I have performed as a part of several puppetry troupes, and these experiences influenced my concept of teaching as a collaborative art-form. I use a form of live action role-playing called American freeform as an artistic media to explore that that collaboration. It is a media well-suited to my purposes because it is overtly dependent upon the relationships involved in the game and offers a multitude of outcomes in terms of personal and communal reflection.
Troupe is an American freeform that explores the nature of collaboration, both in terms of what we are capable of producing and of the ways in which we mask or shape our identities to do so. In the game, players take on the role of members in a performing troupe. Acts alternate between "on stage" presentations for an audience and "off stage" encounters that put members in conflict with one another.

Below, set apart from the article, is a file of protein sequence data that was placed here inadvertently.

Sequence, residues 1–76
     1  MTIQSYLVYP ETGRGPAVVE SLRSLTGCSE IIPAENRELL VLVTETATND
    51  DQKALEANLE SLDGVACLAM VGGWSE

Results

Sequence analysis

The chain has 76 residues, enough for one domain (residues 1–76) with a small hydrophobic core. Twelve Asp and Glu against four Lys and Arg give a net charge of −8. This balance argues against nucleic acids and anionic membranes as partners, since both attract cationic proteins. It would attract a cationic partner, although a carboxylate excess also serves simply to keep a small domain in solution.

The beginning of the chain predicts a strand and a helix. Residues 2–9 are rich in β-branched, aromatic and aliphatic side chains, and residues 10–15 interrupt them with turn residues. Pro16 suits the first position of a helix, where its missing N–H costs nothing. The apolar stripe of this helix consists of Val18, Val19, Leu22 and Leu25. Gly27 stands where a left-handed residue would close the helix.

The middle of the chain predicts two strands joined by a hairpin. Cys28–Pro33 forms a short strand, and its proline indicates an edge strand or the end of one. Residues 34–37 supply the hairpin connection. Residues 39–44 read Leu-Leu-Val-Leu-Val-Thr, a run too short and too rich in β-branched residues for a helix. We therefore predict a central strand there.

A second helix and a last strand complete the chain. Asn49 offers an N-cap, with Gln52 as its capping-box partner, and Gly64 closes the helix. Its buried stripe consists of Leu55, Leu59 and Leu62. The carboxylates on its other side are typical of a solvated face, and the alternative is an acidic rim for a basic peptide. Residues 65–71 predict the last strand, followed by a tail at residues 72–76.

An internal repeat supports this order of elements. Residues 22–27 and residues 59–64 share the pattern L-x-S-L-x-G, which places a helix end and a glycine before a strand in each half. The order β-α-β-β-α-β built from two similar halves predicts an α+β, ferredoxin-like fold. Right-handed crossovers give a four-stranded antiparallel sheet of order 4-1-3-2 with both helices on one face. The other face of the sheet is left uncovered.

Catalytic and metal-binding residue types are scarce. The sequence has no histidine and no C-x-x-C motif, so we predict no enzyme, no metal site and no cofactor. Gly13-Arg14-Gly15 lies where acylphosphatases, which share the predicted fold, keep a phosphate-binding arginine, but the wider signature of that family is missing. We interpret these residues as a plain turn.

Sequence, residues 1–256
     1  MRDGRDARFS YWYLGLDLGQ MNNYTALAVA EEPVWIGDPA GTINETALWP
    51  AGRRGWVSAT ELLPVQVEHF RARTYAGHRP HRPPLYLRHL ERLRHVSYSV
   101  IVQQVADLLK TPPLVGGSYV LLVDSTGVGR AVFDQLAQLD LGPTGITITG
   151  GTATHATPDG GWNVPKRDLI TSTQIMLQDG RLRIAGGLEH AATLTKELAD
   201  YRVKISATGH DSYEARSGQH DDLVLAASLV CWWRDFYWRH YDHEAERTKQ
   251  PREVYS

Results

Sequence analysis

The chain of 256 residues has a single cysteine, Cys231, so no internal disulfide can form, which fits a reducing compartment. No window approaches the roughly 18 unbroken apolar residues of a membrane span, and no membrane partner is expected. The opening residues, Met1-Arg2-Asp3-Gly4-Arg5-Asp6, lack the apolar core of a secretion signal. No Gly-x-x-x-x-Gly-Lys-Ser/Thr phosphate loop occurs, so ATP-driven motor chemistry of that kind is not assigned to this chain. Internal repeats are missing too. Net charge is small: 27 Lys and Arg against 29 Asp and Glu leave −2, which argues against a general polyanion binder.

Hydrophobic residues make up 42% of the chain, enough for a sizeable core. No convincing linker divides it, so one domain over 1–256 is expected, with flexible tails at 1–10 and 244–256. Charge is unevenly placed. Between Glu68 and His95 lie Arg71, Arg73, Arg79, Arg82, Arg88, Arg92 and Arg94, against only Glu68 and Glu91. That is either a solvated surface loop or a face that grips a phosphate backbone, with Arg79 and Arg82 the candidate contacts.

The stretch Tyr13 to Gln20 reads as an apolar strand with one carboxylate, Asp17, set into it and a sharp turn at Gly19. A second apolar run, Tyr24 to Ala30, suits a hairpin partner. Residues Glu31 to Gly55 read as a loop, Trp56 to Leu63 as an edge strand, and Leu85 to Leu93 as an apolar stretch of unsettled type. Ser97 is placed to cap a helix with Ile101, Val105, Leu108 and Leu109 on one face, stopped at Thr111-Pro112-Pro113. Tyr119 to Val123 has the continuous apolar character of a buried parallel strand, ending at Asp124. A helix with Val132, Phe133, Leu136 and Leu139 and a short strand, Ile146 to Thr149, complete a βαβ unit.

What to do about Michael? was created as a part of my studies to create an embodied understanding of the ideas of Michel Foucault. In it, players enact a faculty meeting at which the fate of a troubled student (transparently based on Foucault) is discussed. Using this format circumvents the tendency many people have when reading Foucault's work to believe that he is only referring to systems and individuals other than those with which they are most closely acquainted.
As with my teaching practice and performative work, it is the people and stories behind an image that hold the deepest fascination for me. The narrative character of my visual work reflects that fascination, as well as my affection for whimsy and fantasy. Much of the work below was created on commission, a synthesis of vision between myself and my client.
Though a blood clot in my leg effectively ended my time as a touring puppeteer in 2001, my time in that profession impacted how I approach my teaching practice and my artwork tremendously. It has also influenced how I think of relationships and the blurred lines between seemingly binary states such as performer an audience, object and subject, or fantasy and reality.